Some Protestants believe that the Catholic Church is not just spiritually dangerous—it’s also a threat to the liberty (and even the lives!) of those who challenge its authority. Fringe fundamentalists like Jack Chick have peddled all kinds of lurid conspiracies, one of my favorites being that “the name of every Protestant church member in the world” is kept in a “big computer” in the Vatican for future persecutions. And even though most Protestants won’t go that far down the rabbit hole, many are quick to share claims of historical atrocities committed by Catholics.
“Appeals to atrocity” might be good at raising people’s blood pressure, but they aren’t good at raising the level of discourse between Catholics and Protestants. That’s because they suffer from logical and factual flaws—the same flaws we see when we examine similar atheistic appeals to atrocity made against Christianity and religion in general.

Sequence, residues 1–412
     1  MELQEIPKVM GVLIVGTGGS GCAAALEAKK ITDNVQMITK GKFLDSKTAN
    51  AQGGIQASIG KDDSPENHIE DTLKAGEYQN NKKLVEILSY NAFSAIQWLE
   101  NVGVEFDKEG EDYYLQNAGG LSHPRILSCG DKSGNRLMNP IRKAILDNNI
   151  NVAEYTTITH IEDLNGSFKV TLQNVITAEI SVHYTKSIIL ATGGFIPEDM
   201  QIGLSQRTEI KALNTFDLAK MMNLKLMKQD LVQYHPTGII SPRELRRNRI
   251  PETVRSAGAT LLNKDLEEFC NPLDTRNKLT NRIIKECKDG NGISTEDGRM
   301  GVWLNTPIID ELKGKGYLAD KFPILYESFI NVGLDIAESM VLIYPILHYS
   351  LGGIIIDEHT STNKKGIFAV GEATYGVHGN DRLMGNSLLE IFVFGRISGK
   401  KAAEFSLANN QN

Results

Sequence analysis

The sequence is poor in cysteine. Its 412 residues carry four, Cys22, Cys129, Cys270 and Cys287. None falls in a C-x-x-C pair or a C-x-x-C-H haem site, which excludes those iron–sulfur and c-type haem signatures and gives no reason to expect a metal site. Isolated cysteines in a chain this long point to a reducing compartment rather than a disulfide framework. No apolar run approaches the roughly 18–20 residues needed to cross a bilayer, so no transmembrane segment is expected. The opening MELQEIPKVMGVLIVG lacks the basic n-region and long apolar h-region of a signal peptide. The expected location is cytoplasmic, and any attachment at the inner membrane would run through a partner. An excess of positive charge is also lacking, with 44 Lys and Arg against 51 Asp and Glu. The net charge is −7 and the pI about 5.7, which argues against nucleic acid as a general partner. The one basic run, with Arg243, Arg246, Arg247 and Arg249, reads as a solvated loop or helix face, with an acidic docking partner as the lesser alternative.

In online discourse, you often hear people say things like, “Religion is the cause of most wars.” Richard Dawkins references “the immense power of religion, and especially the religious upbringing of children, to divide people and foster historic enmities and hereditary vendettas” (257). Other critics say that just Christianity has uniquely contributed to historical violence. The late atheist Christopher Hitchens claimed that violence was so essential to Christianity that the Reverend Martin Luther King, Jr.’s commitment to non-violence meant he wasn’t really a Christian (176).